Wyoming becomes USA's 38th Agreement State

28 September 2018

Wyoming has become the 38th US state to take responsibility for regulating uranium recovery operations within the state under an agreement signed with the Nuclear Regulatory Commission (NRC).

LR Wyoming State Senator Michael Von Flatern, Kristine Svinicki, Matt Mead and Todd Parfitt at the signing ceremony in Cheyenne (Image: Governor of Wyoming)

Wyoming is the USA's leading uranium producing state, and is home to five out of seven facilities producing the mineral in 2017. All of the state's current uranium production is by the in-situ leach (ISL) method.

The agreement, signed on 25 September by Wyoming Governor Matt Mead and NRC Chairman Kristine Svinicki, comes into effect on 30 September and authorises the Wyoming Department of Environmental Quality (DEQ) to take on the regulatory role formerly filled by the NRC. It is the culmination of over three years of work by the state and the regulator to determine that Wyoming's radiation control programme is adequate to protect public health and safety and is compatible with NRC regulations.

The state will now be responsible for licensing, rulemaking, inspection and enforcement activities needed to regulate source material involved in uranium or thorium milling, and the management and disposal of milling waste. Fourteen uranium recovery licences will now be transferred to Wyoming's jurisdiction.

The NRC retains jurisdiction over any commercial nuclear power plants, of which currently Wyoming has none, federal agencies using certain radioactive materials in the state, and used of radioactive material other than uranium and thorium milling activities.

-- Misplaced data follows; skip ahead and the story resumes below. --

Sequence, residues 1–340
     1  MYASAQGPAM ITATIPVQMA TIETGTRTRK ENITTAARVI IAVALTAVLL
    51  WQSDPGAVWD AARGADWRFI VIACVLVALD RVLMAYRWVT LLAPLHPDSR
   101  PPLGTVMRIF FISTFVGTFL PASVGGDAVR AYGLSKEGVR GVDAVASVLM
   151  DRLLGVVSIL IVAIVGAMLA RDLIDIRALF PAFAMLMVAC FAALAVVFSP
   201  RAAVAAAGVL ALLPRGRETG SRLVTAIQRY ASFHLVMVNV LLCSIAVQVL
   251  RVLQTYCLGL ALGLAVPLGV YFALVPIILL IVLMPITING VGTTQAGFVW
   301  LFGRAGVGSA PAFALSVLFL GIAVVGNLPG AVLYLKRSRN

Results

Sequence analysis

"Wyoming will regulate uranium using the same high standards set by the NRC," Mead said. “Wyoming DEQ has done a great job ensuring that all the program requirements have been met and will continue to be effectively implemented. I thank the NRC and DEQ for standing this program up quickly and cost efficiently.”

"Wyoming had to develop a programme that would meet the NRC compatibility requirements to become an Agreement State," Kyle Wendtland, the DEQ's Land Quality Division administrator, said. "In order to accomplish this goal, Wyoming had to implement new governing statutes, rules and regulations, guidance, and policies and procedures compatible with NRC's requirements." The programme also had to be staffed with employees that meet the NRC qualifications, such as expertise in health physics, he said.

Wyoming in 2013 completed a feasibility study on becoming an agreement state and formally began the process in February 2015, when Mead signed into law an act authorising it to seek Agreement State status and setting out legal provisions enabling the state to take on regulatory activities. DEQ's completion of the process in just over three-and-a-half years was two years ahead of the original proposed schedule and USD2.5 million under budget, Wendtland said.

Todd Parfitt, DEQ Director, said achieving Agreement State status had been a "cooperative effort" with much of the success in obtaining the agreement ahead of schedule and below budget due to "timely and high-quality responses" from the NRC staff to DEQ.

Wayne Heli, CEO of Peninsula Energy, said the formalisation of Agreement State status was good news for his company, which commenced ISL operations in December 2015 at its Lance Projects in Wyoming and is working to transition the project to low pH operations. By eliminating the duplication of permitting by state and federal agencies, the Agreement State approach will result in a more efficient regulatory processes both for the state of Wyoming and its uranium producers, he said.

Like the NRC, the DEQ will regulate uranium recovery as a 'fee recovery' programme where uranium operators are billed for all permitting and ongoing regulatory costs, but these fees are projected to be significantly less due to lower rates and reduced duplication of efforts, he said.

Researched and written by World Nuclear News